Pelt, by Catherine McNamara

A few days ago, I met up with Linda and laughing told her about my obsessive moving around of bookshelves in an effort to throw everything out and contrastingly, my recently becoming the recipient of things to review.  I explained that as a writer and chatter box on a variety of outlets~ twitter, google+, blah blah, my phone, the bar and your terrace, I've opened myself up to being asked to review things like gadgets, apps, food and books. To be honest, I told Linda that I didn't really know how to respond to these requests because I didn't always have a suitable publication outlet.  Linda was matter of fact, "You're kidding me? You've got a web site, put it up there if you can't fit it into an article."  Genius.  So thanks to a coffee convo, I've added Reviews to my home page and a Your Stuff category to the blog because that is what is going to be.  My thoughts on your stuff.   And I can't think of any where better to start than with Catherine McNamara's 2013 book Pelt and Other Stories ....

Back in 2012, author Catherine McNamara sent me her witty Divorce, Milan Style, which had me cackling like a maniac.  I knew from the brief description of Pelt - "short stories, restless characters, different continents" - that I was in for a different kind of ride.

McNamara is a Story Teller, and Pelt is an amalgamation of all her clever writing techniques.  18 stories (collected from various publications), and tens of personalities, McNamara airdrops you into intimate moments and ongoing conversations, creating the kinetic feeling of  previously knowing the characters yet at the same time completely foreign to the scene, delicious juxtaposition of comforting and jarring.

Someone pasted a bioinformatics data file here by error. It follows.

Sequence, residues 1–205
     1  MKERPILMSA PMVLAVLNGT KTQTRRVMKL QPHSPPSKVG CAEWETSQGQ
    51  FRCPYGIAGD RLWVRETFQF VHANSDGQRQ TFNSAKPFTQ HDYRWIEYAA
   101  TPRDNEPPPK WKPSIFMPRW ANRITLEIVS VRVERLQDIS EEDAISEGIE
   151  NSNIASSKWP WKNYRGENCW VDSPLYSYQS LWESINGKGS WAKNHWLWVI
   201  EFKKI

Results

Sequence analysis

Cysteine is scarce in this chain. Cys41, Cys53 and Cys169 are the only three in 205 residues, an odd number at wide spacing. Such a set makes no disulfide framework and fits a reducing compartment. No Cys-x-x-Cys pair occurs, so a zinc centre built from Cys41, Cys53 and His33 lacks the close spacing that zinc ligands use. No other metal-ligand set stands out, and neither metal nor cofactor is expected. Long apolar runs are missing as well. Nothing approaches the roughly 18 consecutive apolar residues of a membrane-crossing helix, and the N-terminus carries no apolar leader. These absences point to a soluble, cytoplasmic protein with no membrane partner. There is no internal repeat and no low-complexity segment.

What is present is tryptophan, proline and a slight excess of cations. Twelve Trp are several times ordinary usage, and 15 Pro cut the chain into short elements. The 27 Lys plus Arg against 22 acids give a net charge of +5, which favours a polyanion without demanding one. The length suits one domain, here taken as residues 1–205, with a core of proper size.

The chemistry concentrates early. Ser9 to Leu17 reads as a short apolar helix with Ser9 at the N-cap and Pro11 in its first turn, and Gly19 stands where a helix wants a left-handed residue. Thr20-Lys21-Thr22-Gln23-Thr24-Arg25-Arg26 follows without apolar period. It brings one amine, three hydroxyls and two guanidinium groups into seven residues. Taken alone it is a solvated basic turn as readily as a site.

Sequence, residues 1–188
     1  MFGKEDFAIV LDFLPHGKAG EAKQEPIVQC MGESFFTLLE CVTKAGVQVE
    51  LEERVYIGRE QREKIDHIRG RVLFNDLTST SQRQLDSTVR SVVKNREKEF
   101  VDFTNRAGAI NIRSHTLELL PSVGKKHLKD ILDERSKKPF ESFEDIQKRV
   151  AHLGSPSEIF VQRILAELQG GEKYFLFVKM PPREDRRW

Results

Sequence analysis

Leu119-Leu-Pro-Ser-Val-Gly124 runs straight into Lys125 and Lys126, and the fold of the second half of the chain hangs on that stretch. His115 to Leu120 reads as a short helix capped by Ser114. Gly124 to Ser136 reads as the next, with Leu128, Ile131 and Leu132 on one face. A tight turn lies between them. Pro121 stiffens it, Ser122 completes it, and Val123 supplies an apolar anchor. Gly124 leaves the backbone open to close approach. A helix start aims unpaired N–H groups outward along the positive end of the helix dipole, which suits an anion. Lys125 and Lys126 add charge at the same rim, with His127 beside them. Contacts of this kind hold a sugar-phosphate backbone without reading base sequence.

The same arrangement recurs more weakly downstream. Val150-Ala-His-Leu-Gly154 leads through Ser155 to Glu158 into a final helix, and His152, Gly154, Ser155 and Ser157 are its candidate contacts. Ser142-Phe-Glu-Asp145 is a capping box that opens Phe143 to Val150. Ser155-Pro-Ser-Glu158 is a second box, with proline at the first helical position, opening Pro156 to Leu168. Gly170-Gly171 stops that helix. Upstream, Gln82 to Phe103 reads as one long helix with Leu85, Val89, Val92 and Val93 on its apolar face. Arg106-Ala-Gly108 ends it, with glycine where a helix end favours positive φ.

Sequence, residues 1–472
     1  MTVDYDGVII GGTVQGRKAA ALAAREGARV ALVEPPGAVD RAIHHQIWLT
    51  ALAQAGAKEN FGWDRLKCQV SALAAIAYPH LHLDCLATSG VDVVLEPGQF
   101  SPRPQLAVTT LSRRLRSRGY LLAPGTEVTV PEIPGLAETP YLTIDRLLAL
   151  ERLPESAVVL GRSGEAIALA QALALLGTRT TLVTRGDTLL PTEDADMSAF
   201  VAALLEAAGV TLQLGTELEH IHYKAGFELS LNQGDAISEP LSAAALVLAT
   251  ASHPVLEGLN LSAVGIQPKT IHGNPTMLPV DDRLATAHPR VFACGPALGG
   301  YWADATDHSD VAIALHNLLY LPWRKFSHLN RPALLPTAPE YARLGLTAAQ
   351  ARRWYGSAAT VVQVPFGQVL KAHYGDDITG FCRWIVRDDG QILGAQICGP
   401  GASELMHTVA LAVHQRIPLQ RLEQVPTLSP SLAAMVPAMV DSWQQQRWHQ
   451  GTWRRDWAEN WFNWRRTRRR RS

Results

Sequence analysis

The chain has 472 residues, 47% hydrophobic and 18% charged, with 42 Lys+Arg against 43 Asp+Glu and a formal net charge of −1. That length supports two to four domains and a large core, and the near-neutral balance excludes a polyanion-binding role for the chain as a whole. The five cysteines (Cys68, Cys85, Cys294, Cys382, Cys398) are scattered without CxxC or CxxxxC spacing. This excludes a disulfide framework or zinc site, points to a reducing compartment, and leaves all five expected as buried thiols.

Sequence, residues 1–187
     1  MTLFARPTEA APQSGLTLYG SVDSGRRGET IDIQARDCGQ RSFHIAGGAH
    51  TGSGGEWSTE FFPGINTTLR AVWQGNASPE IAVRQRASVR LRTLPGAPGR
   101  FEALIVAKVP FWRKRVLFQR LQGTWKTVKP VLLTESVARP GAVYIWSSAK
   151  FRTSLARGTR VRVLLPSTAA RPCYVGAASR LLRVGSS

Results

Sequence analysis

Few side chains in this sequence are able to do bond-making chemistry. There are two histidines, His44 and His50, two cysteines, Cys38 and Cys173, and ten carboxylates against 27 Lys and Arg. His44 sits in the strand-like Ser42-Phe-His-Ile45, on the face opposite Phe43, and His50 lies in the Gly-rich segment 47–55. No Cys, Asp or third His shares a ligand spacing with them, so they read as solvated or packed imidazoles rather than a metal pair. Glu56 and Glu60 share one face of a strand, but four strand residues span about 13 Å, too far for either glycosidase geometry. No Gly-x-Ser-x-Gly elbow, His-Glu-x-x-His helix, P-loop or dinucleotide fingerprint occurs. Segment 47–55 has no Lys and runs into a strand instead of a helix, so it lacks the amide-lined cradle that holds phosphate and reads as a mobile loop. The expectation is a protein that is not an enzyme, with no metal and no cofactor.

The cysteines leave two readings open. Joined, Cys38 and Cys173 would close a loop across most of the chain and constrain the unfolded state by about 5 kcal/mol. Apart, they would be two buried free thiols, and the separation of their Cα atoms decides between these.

Normally orthodoxly observant to order, I read her stories according to title:  Nathalie, Pelt, Stromboli, The Coptic Bride, Gorgeous Eyes, you get it. Because there is no sequence.  Each story is its own entity, its own world and its own specific moment- so defined and curated that you are literally jumping into the midst of an ambulance, an argument or a bad vacation.  And then you close the book.

In brief, the collection is an introspection on personal lives and habits of relationships.  In more words, each story is  about uncomfortableness-- whether yours as reader because you are forced into the recesses of personal intimacy that we only get to see in our own homes or perhaps at one of those uncomfortable dinner parties where two obviously loathing spouses pantomime Who's Afraid of Virginia Wolf?, or her characters who all touch slightly on insensitive as they tell each tale, creating an almost incredulous atmosphere of both rich, compelling storytelling and abrupt callousness within the tale.  I found myself wondering what I would do, when I wasn't shouting at some of the characters.

Armed with uncanny ability of capturing gender dynamics (internal and external) from both sides of the looking glass, it is as if McNamara is consciously aware of her own contemporary reincarnations- that she seems to write into each story.  And she probably is, accompanied by an overly -stamped passport  as well-- 18 stories, 18 city/towns, 4 continents-- and combined with her  roller coaster writing style (peaks, nadirs, turns), I feel like  inviting myself out out to dinner with her in Torino or Mondello or Bari just so that I can be airdropped into one of those kinetic moments for an evening. . . or a chapter. . .